A 27-year-old woman driving the Citroen sustained fatal injuries.

Witnesses are asked to call 101 quoting incident number 36 of 26 July 2015.

School: Conley will 'stay in our hearts forever'

Staff at the school 7-year-old Conley Thompson attended have offered their condolences to his family.

School: Conley will 'stay in our hearts forever'

His body was found yesterday on a construction site following an overnight search.

Worsbrough Bank End Primary's Head Teacher Nichola Thorpe said Conley's smile would stay in their hearts forever:

Following the recent tragic event in Worsbrough, all of us at Worsbrough Bank End Primary school wish to offer our heartfelt condolences to the family and friends of Conley Thompson at this very difficult time. We especially want to send all the children who knew and were school friends with Conley, our love. Conley’s big smile and sparkly eyes will stay in our hearts forever; Bank End Primary will not be the same in September without him. Staff are being well supported by the Senior Leadership Team who in turn are being guided by Strategic Services at Barnsley Council.

– Nichola Thorpe, Head teacher, Worsbrough Bank End Primary

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High Court rejects Lincoln libraries challenge

Library campaigners in Lincoln, 2013

An appeal to the High Court for a judicial review into Lincolnshire County Council’s plan to cut the number of libraries from 45 to 15 has failed.

After a week long hearing, a High Court judge dismissed the legal challenge on all grounds.

"We're delighted with the judge's decision.

"However, it's disappointing that at least £350,000 has had to be wasted defending plans that are clearly best for taxpayers, best for library users and best for local communities.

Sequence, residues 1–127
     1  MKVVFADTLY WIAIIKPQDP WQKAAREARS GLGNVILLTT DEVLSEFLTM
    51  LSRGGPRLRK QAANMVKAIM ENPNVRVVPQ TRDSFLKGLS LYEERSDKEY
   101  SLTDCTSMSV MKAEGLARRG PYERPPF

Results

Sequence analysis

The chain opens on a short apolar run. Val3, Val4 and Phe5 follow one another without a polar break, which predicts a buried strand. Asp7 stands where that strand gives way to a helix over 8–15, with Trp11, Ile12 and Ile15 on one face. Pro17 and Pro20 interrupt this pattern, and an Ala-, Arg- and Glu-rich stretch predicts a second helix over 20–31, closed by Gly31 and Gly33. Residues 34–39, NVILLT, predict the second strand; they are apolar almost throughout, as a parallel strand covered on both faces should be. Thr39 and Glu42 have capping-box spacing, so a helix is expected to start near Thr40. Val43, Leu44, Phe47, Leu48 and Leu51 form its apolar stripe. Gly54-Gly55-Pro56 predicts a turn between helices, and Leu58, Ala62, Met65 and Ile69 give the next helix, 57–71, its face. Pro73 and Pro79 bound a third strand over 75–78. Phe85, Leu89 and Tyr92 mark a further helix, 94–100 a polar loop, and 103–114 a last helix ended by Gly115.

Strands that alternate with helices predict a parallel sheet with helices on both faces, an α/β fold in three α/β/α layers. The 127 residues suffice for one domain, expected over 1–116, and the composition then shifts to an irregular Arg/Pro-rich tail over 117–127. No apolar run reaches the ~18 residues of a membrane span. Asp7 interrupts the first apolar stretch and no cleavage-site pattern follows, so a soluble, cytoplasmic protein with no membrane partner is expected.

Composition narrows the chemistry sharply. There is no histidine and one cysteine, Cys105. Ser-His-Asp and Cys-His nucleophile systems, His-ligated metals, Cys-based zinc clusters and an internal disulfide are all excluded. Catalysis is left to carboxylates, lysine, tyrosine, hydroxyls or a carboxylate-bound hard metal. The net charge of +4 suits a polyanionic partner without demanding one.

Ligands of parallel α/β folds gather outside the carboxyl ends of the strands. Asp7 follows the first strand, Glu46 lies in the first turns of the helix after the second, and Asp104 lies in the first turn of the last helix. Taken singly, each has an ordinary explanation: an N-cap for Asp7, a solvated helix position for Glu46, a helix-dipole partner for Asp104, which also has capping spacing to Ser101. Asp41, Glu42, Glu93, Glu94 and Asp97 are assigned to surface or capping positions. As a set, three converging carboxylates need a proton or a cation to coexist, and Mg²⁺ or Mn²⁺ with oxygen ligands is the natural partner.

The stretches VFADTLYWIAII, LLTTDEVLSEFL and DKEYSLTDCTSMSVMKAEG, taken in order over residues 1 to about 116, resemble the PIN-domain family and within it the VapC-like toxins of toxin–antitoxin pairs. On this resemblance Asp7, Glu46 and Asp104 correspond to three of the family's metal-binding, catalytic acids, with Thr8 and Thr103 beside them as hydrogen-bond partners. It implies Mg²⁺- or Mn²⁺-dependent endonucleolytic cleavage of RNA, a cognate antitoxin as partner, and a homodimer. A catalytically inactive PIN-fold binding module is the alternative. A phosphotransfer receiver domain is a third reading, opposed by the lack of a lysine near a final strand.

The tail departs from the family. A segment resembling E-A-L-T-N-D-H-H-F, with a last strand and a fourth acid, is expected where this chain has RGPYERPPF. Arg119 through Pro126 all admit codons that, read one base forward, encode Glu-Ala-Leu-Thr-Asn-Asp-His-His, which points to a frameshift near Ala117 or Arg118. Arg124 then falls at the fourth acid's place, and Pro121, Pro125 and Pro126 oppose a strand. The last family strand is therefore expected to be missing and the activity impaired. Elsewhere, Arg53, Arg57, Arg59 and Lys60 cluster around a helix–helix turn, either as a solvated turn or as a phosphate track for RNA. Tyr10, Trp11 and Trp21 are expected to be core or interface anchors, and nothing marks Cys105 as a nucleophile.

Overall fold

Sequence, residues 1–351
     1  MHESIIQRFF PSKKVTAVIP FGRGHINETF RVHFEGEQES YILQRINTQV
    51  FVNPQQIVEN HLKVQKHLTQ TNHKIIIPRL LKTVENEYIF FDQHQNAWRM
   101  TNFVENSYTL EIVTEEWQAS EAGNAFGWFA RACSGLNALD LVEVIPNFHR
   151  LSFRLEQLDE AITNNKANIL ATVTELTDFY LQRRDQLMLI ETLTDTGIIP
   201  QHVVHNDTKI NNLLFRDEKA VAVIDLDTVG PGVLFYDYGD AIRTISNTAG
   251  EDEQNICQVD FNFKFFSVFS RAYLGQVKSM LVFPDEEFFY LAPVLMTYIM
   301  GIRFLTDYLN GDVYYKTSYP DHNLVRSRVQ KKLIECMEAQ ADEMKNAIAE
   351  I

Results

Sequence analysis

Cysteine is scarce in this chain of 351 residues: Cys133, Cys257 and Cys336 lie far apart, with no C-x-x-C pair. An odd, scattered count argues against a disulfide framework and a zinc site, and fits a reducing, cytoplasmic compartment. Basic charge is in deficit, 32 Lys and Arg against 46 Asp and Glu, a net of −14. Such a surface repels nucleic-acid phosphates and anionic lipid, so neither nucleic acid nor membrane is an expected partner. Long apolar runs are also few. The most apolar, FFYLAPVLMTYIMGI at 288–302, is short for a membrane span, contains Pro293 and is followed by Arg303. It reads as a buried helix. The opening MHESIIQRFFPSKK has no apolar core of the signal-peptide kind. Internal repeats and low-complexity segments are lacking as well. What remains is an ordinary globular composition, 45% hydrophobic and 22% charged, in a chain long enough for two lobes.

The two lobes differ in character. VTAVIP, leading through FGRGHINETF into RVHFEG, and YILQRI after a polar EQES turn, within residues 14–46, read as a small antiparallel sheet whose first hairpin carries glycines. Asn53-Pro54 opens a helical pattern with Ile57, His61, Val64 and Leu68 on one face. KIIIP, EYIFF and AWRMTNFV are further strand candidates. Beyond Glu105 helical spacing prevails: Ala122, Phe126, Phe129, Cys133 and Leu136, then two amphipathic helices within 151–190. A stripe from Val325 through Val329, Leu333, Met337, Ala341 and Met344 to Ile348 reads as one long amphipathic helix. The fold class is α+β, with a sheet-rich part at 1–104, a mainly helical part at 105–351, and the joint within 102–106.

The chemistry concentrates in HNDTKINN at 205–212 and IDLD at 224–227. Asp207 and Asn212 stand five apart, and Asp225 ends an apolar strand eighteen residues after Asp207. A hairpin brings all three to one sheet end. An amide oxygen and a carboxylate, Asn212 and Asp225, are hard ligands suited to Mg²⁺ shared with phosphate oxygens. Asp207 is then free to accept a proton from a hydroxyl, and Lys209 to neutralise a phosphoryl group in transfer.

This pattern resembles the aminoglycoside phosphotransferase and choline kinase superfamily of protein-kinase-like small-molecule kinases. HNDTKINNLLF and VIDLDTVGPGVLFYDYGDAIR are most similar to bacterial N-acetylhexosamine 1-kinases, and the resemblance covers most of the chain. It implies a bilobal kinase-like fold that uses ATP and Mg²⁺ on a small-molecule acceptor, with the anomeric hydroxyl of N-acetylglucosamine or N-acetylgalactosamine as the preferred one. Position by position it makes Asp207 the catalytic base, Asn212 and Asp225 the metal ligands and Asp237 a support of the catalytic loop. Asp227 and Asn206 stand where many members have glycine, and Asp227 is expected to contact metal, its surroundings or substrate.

"The delays caused by the legal action have also led to Lincolnshire Co-op withdrawing its bid for Boultham Library, meaning this site is now likely to close.

"Hopefully, the campaigners will now see their actions are only having a negative effect on services, and they are doing anything but save Lincolnshire libraries.

"Now we have cleared this hurdle, we can concentrate on putting the new-look service in place – something that will ensure the future of local libraries.

"We're working closely with local groups to get the new community hubs up-and-running, and have a few that are ready to go-live in the next few weeks, the rest will then follow over the summer months in a phased approach. Everything should be in place by the end of September. "I'm sure these new facilities will be of real benefit to their local community."

– Cllr Nick Worth, Executive Member for Libraries, Lincolnshire County Council

Under the plans, the council will continue to provide 15 major libraries, along with online services and specialist support for those unable to reach their nearest library because of, for instance, disability, age or ill health.

These will be complemented by around 30 community hubs, including library services, developed in partnership with local community groups who will also be given over £5,000 per year towards their running costs and access to a one-off grant of up to £15,000 for changes to buildings or equipment.

In addition, the authority is undertaking a competitive procurement to seek an external organisation to potentially deliver library services on its behalf, including the support for the community hubs. This follows an approach by Greenwich Leisure Limited, a not-for-profit organisation interested in running local libraries.

Because of the work involved in a competitive procurement, it is likely to take until the end of 2015 before a final decision is reached on who will run the service.

A 'deplorable' breach of trust, says CPS

Simon Reynolds, the Church of England vicar who defrauded his parish of over £16,000 was jailed for 32 months at Sheffield Crown Court today.

“It is hard to imagine a more deplorable and flagrant breach of trust than a vicar stealing money from his own parishioners. The offences he has committed are of an enormous significance considering the position of trust that Reynolds held within his community. The qualities one would most associate with his position -honesty, trust and integrity have been completely abandoned in an attempt to fund his lifestyle.

“These offences were further compounded when he absconded after his trial, triggering an extensive manhunt. The sentence handed down today sends a clear message that no-one is above the law, and we will prosecute all such cases robustly.”

– Caroline Tubb, Senior Crown Prosecutor, CPS Yorkshire and Humberside